May 25, 2018
A new experimental discovery, led by researchers at the University of Minnesota, demonstrates that the chemical element ruthenium (Ru) is the fourth single element to have unique magnetic properties at room temperature. The discovery could be used to improve sensors, devices in the computer memory and logic industry, or other devices using magnetic materials.
“Magnetism is always amazing. It proves itself again. We are excited and grateful to be the first group to experimentally demonstrate and add the fourth ferromagnetic element at room temperature to the periodic table,” said University of Minnesota Robert F. Hartmann professor of electrical and computer engineering Jian-Ping Wang, the corresponding author for the paper and Quarterman’s advisor.
In addition to Quarterman, Wang, and Voyles, researchers involved in this study include Javier Garcia-Barriocanal from the University of Minnesota Characterization Facility; Yang Lv from the University of Minnesota Department of Electrical and Computer Engineering; Mahendra DC from the University of Minnesota School of Physics and Astronomy; Sasikanth Manipatruni, Demitri Nikonov, and Ian Yang from Intel Components Research; and Congi Sun from the University of Wisconsin Department of Materials Science and Engineering.
To read the full paper entitled “Demonstration of Ru as the 4th ferromagnetic element at room temperature,” by Quarterman et al, visit the Nature Communications website.
This research is also covered by: UofM.
May 1, 2018
The recent issue of Open Rivers Journal reported our research in mercury detection.
Mercury contamination has been an important environmental and health concern throughout the world for decades. High exposures to mercuric ion (Hg2+) may result in acrodynia (pink disease) and damage to the nervous system and kidneys. Furthermore, mercuric ion is stable and soluble in aquatic systems, and methyl mercury can accumulate in bodies through the food chain, which is known to cause brain damage and other chronic diseases, even paralysis and death. Nowadays, the detection of trace-level toxic heavy metal ions mostly relies on bulky and costly analytical instruments in central labs. Driven by this need, Prof. Jian-Ping Wang and his group at the University of Minnesota developed and tested a diagnostic platform designed to detect mercuric ion (Hg2+) using nanotechnology.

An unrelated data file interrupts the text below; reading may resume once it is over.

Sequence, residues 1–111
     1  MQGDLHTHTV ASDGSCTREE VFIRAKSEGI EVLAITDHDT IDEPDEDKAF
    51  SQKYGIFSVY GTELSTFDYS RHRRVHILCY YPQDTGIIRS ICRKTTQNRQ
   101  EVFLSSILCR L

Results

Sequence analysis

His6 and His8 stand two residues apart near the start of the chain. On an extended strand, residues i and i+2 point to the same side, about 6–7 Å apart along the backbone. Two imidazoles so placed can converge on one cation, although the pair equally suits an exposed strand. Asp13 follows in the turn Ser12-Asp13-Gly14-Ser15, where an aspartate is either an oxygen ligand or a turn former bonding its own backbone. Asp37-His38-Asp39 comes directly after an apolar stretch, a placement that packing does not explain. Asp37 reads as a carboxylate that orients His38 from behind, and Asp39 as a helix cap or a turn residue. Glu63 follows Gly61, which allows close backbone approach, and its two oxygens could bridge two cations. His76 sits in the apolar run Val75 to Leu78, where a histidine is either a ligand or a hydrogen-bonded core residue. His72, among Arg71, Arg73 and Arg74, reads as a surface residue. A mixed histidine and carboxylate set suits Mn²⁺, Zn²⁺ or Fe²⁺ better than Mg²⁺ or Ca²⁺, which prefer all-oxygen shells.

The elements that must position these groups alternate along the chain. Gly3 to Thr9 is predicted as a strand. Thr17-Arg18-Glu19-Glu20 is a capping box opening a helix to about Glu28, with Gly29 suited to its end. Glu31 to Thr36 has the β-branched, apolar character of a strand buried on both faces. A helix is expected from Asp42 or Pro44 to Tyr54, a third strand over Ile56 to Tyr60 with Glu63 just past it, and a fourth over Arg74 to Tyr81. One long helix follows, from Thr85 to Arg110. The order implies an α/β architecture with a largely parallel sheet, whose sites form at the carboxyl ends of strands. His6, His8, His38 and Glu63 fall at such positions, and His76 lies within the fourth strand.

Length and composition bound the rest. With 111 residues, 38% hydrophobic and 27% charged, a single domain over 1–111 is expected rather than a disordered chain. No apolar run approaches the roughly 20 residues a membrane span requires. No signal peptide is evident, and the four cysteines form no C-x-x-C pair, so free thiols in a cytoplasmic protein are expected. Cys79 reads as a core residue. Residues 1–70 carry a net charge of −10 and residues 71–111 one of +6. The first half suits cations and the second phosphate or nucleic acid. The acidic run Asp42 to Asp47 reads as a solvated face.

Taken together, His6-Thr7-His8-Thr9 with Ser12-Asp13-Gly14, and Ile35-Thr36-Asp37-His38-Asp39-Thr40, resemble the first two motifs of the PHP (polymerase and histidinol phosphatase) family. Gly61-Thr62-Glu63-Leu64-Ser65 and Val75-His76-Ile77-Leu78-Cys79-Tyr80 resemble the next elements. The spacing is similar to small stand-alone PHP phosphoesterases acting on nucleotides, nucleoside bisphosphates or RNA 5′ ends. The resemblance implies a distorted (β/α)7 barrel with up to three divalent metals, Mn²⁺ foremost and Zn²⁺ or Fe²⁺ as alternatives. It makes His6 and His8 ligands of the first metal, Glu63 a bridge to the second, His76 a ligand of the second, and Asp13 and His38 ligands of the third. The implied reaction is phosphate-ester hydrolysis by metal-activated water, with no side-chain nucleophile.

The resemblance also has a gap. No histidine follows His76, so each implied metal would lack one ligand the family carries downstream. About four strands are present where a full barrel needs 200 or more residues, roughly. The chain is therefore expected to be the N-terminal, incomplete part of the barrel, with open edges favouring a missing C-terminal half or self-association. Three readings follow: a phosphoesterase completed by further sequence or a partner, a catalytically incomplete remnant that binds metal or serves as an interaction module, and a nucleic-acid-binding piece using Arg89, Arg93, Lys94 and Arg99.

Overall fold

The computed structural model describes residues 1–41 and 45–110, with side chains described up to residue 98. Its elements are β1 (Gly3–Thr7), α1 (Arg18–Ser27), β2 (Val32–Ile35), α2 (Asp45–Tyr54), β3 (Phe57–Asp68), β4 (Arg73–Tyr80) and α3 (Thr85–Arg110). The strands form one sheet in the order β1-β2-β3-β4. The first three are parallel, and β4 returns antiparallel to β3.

Find the article here.
April 25, 2018
Zhengyang Zhao is awarded the Doctoral Dissertation Fellowship from the Graduate School. The fellowship supports his Ph.D. study for one academic year and provides a travel grant for him to present his work at a conference. Congratulations, Zhengyang!
April 9, 2018
April 9, 2018
This research is also covered by a couple of media hits so far:
February 9, 2018
Congratulations to Dr. Junyang Chen, his recent paper "Mapping strain with magnetics" is published in Nature Electronics!
January 26, 2018
Congratulations to Patrick Quarterman, who has successfully defended his PhD thesis on January 26. His dissertation topic is High Anisotropy Magnetic Materials for Data Storage and Spintronic Memory.
He will be joining the NIST through the NRC research associate program as a post doctoral physicist, at the NIST Center for Neutron Research (NCNR) with the magnetics group.
Congrats again, Dr. Quarterman!
January 14, 2018
PhD student Patrick Quarterman is offered a National Research Postdoctoral Research Fellow to work in National Institute of Standards and Technology (NIST) starting from March 2018. He will be joining the NIST through the NRC research associate program as a post doctoral physicist, at the NIST Center for Neutron Research (NCNR) with the magnetics group.
January 11, 2018
Yang Lv and Prof. Wang's recent work published in Nature Communications was highlighted in several news release. Congratulations!!!
Here are a couple of the media hits so far:
In addition to Prof. Wang and Yang Lv, researchers involved in this study include Delin Zhang and Mahdi Jamali from our group and James Kally, Joon Sue Lee and Nitin Samarth from Pennsylvania State University Department of Physics.